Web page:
Writing for Stop the War, Chris Nineham looks at the disastrous defeat suffered by the US as it finally pulls out of Afghanistan
This weekend marks the humiliating end of one of the most disastrous wars the western powers have ever fought. For twenty years US and British troops, later joined by NATO allies, have occupied Afghanistan claiming to be forces of liberation against the Taliban.
This weekend the western forces are pulling out.
The west’s quick victory in October 2001 was celebrated as an invasion to liberate women, deliver democracy and spread western values. But actually, the troops were there to avenge 9/11 and to assert western control in a strategically important region.
As the Tory Defence Secretary Liam Fox put it in 2010, “We are not in Afghanistan for the sake of the education policy in a broken 13th-century country. We are there so the people of Britain and our global interests are not threatened.”
The US and the UK fought with the utmost brutality. As the Taliban regrouped and fought back from 2006, the occupiers tried the full spectrum of strategies, from blanket bombing to targeted counter insurgency, from massive troop surges and torture to training Afghan forces to take on the Taliban. Occupation HQ, Bagram airbase, became a byword for abuse and brutality amongst the Afghan population. All these strategies failed.
Even General Dannatt, Chief of the General Staff from 2006 to 2009, accepts that the current pull out is an admission of outright defeat. In an article in the Telegraph he complains:
“District after district has fallen to the Taliban in recent days, the Afghan National Army has lost the will to fight – many soldiers are abandoning their posts, no longer supported by international air power. In response, the American withdrawal has been accelerated from September 11 to July 4.”
The pull-out has been brought forward to avoid the danger of Vietnam-like scenes of western forces fleeing the country under attack. Dannatt and others put this crushing defeat for NATO down to a failure to follow through on the initial invasion and occupation with ‘nation building measures.’ This is not just hopelessly naïve about the politicians’ motives, it is to ignore the devastating impact of all wars and the fact that no country responds well to being bombed, invaded and occupied.
For Afghans, the US/UK invasion was one more foreign intervention in decades of occupation. As we in the anti-war movement predicted when Bush and Blair took the decision to invade, the result was a disaster for ordinary Afghans. Though no accurate records have been kept, hundreds of thousands have died as a result of the fighting.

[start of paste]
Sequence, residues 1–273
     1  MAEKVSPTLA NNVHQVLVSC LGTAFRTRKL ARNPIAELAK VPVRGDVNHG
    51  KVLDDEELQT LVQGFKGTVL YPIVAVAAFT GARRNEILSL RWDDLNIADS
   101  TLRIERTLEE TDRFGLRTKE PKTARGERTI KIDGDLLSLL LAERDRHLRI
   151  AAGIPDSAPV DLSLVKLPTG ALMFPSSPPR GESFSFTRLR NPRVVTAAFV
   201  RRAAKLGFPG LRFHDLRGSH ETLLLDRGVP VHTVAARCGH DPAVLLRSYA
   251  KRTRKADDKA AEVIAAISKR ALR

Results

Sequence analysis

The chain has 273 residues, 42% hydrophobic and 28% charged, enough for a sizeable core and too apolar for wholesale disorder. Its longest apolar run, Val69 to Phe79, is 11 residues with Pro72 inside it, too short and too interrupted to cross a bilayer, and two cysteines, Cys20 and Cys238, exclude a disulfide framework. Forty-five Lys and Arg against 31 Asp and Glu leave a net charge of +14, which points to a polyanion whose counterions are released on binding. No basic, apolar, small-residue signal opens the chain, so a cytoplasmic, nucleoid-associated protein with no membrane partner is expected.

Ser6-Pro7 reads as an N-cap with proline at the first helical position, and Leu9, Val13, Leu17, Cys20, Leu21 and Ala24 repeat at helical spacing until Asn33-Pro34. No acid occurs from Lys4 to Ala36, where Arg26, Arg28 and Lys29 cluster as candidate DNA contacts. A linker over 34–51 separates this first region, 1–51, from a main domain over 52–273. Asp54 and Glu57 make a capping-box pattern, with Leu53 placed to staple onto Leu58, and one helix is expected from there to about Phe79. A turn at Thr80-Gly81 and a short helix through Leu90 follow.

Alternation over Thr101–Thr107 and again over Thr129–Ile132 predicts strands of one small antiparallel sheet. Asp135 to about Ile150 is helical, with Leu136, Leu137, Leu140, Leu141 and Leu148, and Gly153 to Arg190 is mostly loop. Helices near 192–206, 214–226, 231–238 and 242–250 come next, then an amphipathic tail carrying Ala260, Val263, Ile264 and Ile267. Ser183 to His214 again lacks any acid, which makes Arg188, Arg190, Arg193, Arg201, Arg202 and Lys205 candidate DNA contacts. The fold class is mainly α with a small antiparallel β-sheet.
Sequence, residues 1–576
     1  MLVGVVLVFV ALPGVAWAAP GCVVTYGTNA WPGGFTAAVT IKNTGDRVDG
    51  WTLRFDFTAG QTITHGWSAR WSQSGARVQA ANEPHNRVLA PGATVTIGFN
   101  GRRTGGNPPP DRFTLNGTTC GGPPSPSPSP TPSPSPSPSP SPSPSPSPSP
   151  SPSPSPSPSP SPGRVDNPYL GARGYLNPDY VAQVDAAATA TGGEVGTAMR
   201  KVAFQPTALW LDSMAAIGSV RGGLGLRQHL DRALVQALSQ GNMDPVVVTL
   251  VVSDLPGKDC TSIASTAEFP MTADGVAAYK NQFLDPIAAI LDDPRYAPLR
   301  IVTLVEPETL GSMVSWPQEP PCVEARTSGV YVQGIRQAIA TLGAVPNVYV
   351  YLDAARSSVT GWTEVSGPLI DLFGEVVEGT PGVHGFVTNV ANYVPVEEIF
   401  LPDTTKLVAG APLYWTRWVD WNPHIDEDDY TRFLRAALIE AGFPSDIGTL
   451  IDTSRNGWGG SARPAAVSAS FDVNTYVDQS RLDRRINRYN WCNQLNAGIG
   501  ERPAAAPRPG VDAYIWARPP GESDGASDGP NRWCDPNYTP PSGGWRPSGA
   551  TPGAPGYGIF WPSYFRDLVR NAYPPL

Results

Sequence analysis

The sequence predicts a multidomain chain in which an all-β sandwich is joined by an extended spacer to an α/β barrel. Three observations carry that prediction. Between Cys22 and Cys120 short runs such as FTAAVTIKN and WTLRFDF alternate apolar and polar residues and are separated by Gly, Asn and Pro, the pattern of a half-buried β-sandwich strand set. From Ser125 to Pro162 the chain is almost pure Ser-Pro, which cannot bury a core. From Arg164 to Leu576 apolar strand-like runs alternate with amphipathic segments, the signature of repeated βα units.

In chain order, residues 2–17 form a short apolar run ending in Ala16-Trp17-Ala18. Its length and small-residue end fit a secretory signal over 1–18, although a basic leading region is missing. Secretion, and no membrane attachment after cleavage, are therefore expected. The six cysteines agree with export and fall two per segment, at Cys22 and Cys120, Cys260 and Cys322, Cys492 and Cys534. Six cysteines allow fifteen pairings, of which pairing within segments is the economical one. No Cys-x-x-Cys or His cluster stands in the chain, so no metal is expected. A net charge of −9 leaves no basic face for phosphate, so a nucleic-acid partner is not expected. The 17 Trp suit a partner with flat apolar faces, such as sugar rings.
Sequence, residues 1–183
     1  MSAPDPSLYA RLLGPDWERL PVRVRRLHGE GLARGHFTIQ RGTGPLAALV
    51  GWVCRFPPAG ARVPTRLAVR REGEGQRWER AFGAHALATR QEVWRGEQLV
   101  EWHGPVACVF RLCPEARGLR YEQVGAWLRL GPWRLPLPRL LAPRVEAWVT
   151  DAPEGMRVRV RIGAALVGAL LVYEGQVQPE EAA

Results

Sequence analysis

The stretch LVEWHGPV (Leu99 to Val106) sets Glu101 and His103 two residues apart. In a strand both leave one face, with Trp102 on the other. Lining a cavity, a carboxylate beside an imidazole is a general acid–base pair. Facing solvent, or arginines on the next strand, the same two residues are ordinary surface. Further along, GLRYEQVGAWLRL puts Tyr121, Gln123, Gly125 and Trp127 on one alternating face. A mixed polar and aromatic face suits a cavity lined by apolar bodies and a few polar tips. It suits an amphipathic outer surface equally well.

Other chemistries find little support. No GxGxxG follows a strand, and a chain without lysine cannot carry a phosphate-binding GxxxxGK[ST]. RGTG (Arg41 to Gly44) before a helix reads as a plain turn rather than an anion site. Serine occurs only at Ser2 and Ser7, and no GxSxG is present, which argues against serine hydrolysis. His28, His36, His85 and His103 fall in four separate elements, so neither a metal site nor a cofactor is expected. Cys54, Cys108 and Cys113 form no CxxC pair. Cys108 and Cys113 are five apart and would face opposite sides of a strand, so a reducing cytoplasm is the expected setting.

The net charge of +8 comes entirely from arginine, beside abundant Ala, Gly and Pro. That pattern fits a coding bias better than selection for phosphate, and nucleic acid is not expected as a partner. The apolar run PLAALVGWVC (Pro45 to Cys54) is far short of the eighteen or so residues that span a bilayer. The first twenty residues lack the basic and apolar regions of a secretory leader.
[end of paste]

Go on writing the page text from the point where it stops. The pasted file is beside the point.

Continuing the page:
The country’s infrastructure has been decimated. On most measures, including literacy, death in childbirth and hospital provision, Afghanistan remains right at the bottom of the list of underdeveloped countries, and way below the average for countries in the region.
Levels of inequality have soared during this war for freedom, an absolutely predictable result of sustained military intervention, the imposition of a western backed government and the corruption that goes with it.
2,312 US and 454 British troops lost their lives in this abomination. The US has wasted over one trillion dollars and Britain over 40 billion pounds on this war, more even than in Iraq. Now, as the western troops finally pull out, they leave the Taliban in a stronger position than they were in 2001.
Instead of covering up or making excuses for this defeat, our politicians should be apologising first to the Afghans, and then to their own people for a catastrophic folly that has made the world a much more unstable and dangerous place. We in the anti-war movement must ensure that nothing like this can happen again.
Originally published in Stop the War
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Chris Nineham is a founder member of Stop the War and Counterfire, speaking regularly around the country on behalf of both. He is author of The People Versus Tony Blair and Capitalism and Class Consciousness: the ideas of Georg Lukacs.
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